Speaking of which, the front-facing camera houses an 8-megapixel sensor behind an f/2.0 lens. It is relatively quick to focus and can detect your face in any orientation, too. Based on our testing, it performs adequately enough in most circumstances yet struggles in low light, like most other selfie cameras.
Selfies: Indoors vs outdoors
Looking at our sample photos closely, though, we think ASUS could have spent more time improving the cameras on the ZenFone Max M2. There are a lot of competing devices in this space — many from big-name manufacturers, actually — and a good number of them are capable of producing better results with greater consistency than this ZenFone.
Auto mode vs Portrait mode (with bokeh effect)
More pictures shot on the ASUS ZenFone Max M2
Anyway, on to a more important spec. Our unit runs near-stock Android 8.1 Oreo on a 14nm Qualcomm Snapdragon 632 processor with up to 4GB RAM and 64GB of expandable storage. The base configuration (the unit we used for this review) has 3GB RAM and 32GB storage.
ASUS says the Snapdragon 632 is 40 percent faster compared to its predecessor, the Snapdragon 626, which performs similarly to the Snapdragon 625 featured in older devices. We’re not sure if that’s accurate, but the eye test doesn’t do the Snapdragon 632 any favors.
We do know it’s much slower than the Snapdragon 636 inside the ZenFone Max Pro M1 and various others. The results of performance benchmarks corroborate our observations. Also: Gaming isn’t one of its strong points — or at least it isn’t if you play a lot of graphically intensive modern games. PUBG Mobile is playable at low detail, but then again, plenty of other smartphones can do the same thing for cheaper or at the same price.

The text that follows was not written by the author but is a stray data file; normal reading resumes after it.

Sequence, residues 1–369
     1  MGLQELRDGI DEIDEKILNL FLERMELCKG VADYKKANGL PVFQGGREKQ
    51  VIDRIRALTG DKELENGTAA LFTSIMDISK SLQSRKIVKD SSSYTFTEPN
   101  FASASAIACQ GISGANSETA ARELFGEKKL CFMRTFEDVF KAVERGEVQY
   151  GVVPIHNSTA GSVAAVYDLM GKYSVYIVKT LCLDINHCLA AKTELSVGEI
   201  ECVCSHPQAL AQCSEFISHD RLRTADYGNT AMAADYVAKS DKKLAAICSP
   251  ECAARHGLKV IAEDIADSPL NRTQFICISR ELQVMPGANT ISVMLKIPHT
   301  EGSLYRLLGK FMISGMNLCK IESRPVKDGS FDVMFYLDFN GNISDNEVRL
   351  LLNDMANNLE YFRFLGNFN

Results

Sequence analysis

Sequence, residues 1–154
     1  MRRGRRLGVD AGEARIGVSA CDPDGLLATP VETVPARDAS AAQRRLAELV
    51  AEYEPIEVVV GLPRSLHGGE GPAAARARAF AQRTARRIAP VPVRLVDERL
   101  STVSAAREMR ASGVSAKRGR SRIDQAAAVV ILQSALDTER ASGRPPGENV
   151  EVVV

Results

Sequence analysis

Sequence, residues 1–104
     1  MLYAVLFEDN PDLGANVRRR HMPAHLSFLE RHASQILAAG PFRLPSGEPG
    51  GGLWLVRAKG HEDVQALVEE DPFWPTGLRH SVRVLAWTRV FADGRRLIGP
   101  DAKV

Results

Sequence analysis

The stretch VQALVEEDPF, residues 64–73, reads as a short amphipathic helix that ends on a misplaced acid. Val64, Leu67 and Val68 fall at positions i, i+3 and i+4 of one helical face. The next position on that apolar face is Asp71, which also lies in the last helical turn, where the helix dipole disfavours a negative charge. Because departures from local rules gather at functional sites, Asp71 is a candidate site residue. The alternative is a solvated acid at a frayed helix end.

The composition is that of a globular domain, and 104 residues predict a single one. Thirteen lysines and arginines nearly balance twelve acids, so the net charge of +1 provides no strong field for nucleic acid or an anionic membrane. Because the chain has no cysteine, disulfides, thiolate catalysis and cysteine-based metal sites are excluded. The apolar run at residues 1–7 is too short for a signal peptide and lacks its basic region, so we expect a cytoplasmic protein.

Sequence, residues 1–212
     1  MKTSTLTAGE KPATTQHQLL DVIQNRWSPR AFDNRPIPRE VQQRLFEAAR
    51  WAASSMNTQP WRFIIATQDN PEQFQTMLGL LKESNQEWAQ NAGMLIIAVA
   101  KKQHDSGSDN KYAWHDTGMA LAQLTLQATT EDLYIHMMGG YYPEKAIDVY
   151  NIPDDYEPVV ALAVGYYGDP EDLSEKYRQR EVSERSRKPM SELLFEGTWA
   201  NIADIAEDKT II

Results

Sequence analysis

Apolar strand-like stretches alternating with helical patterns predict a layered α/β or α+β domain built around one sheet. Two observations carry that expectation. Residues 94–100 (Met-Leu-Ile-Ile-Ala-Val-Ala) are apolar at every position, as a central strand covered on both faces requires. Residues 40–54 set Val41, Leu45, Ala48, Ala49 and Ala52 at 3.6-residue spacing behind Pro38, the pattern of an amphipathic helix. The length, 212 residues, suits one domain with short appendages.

Gaming on the ASUS ZenFone Max M2 (PUBG Mobile; NBA 2K19 at the 4:56 mark)
The base ZenFone Max Pro M1 boasts better specs all around, also runs vanilla Android, and can be picked up for P8,995 ($172) currently, just like the ASUS ZenFone Max M2.
Long battery life is pretty much the calling card of every model under the ZenFone Max series; the Max M2 is no different. We regularly managed close to two days of normal use before having to recharge the 4,000mAh battery.
We regularly managed close to two days of normal use before having to recharge the ASUS ZenFone Max M2’s 4,000mAh battery.
Even for heavy users, we suspect it should be good enough to get you through your nine-to-five without compromise. Charging takes around two hours with the bundled 10-watt power brick, so downtime with this device should be minimal.
ASUS did a solid job with the ZenFone Max M2, delivering an updated design that feels nice to the touch, decent specs for the price, and long-lasting usage on a single charge. However, it falls short of dethroning the company’s current value-for-money champ, the ZenFone Max Pro M1 with 3GB RAM, which is still listed on the market for exactly the same price as the ZenFone Max M2.
ASUS ZenFone Max M2 specs
- 6.26-inch LCD display, 1,520 x 720 resolution
- Octa-core Qualcomm Snapdragon 632 processor
- 3GB RAM
- 32GB expandable storage (via dedicated microSD card slot)
- Dual 13- and 2-megapixel rear cameras with LED flash
- 8-megapixel front camera
- Fingerprint sensor (rear-mounted)
- 4,000mAh battery
- Android 8.1 Oreo